Two million years ago, the inhabitants of Krikkit built a deadly race of androids designed to wipe out all life in the universe – the Krikkitmen. The Krikkitmen are known and feared throughout the rest of the galaxy for waging the bloodiest war in history. Their alarmingly efficient Krikkit robots are depicted as even more fearsome than they are. Stopped only by the interference of the Time Lords, Krikkit was trapped within a temporal prison. Looking to assemble a key to free their planet, a group of Krikkitmen who escaped at the end of the war discover the human game of cricket is a representation of their war with the Time Lords.. and that the key’s components resemble elements of the game! After the Krikkitmen steal the Ashes during a test match at Lords, the Fourth Doctor and Sarah Jane Smith travel to the planet Bethselamin as they try to foil the next step in the Krikkitmen’s quest to free Krikkit…
Possibly one of the most unique stories ever pitched to the Doctor Who production office, Doctor Who and the Krikkitmen opens at Lords Cricket Ground, the Doctor and Sarah Jane Smith baring witness to a group of androids in cricket whites (who materialise in a pavilion) violently stealing the Ashes.
“It is the single most frightening thing I have seen in my entire existence. Oh, I’ve heard of the Krikkitmen, I used to be frightened with stories of them when I was a child. But till now I’ve never seen them. They were supposed to have been destroyed over two million years ago.” – The Doctor, Doctor Who and the Krikkitmen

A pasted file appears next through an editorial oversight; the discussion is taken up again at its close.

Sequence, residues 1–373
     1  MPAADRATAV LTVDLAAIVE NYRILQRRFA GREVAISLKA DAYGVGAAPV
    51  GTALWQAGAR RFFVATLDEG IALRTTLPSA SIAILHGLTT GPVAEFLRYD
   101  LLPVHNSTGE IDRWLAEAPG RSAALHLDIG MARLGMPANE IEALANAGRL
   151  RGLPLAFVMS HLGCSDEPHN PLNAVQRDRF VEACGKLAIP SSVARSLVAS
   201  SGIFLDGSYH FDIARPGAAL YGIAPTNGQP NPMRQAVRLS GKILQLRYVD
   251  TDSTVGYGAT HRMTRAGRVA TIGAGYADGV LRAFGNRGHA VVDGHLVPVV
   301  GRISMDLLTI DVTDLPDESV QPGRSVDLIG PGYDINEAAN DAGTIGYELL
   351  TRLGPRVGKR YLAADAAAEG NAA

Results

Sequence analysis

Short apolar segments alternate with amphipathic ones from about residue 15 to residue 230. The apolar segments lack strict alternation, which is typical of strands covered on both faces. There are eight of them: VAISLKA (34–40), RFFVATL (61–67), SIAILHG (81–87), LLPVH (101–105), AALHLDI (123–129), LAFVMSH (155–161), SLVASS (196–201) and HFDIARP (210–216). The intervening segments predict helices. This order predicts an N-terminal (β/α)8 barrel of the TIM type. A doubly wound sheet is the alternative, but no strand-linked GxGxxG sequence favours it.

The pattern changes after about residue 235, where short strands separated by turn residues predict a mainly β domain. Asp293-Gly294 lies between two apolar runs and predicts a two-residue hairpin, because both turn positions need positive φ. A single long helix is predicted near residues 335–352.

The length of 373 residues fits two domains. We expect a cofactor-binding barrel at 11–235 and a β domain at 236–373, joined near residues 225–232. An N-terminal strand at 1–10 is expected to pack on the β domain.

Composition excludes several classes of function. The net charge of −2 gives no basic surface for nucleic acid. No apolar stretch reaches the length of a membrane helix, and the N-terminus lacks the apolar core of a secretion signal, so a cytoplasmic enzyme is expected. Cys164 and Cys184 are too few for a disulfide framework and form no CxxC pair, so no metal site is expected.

The Doctor explains that cricket is merely a race memory and a representation of the galaxy’s war with Krikkit two million years ago, a war fought when the planet’s inhabitants launched a xenophobic crusade against all other life-forms of the universe, their weapon being the deadly Krikkitmen androids. Finally, after two millennia of bloody conflict, Gallifrey was victorious and the Krikkit homeward was imprisoned within an envelope of Slow Time, a prison that could only be opened with one thing, the Wicket Gate key… a giant set of cricket stumps. It is this key which the Krikkitmen are now collecting. Travelling first to Gallifrey to seek answers before discovering that the Krikkitmen have already collected the majority of the key, our travellers head on to Bethselamin, the Doctor and Sarah seeking to stop the Krikkitmen from gaining the next part of the key, the Silver Ball, and bringing destruction to the cosmos. Adams describes the villainous protaganists in a way that would certainly have made them amongst the most memorable villains in the annals of Doctor Who:
“The Krikkitmen were anthropomorphic automata. They wore white uniforms, peaked skull helmets which housed scything laser beams, carried bat-shaped weapons which combined the functions of devastating ray guns and hand-to-hand clubs. The lower half of their legs were in ribbed rocket engines which enabled them to fly. By an ingenious piece of systems economy they were enabled to launch grenades with phenomenal accuracy and power simply by striking them with their bats. These grenades, which were small, red and spherical, and varied between minor incendiaries and nuclear devices were detonated by impact – once their fuses had been primed by being struck by a bat.” – Douglas Adams, Doctor Who and the Krikkitmen
Doctor Who and the Krikkitmen was originally submitted unsolicited to the production office as a six-part story circa 1976, but was rejected by then script-editor Robert Holmes. Despite the rejection, Holmes encouraged Adams to continue to submit material, recognising the talent behind the insanity… even though Adams would later sum up his rejection as “we’d like to see more talent than this.” Incoming producer Graham Williams also felt the script was “too silly” for the show and by now Adams had briefly moved on from the concept, instead focusing his energies on The Hitchhikers Guide to the Galaxy.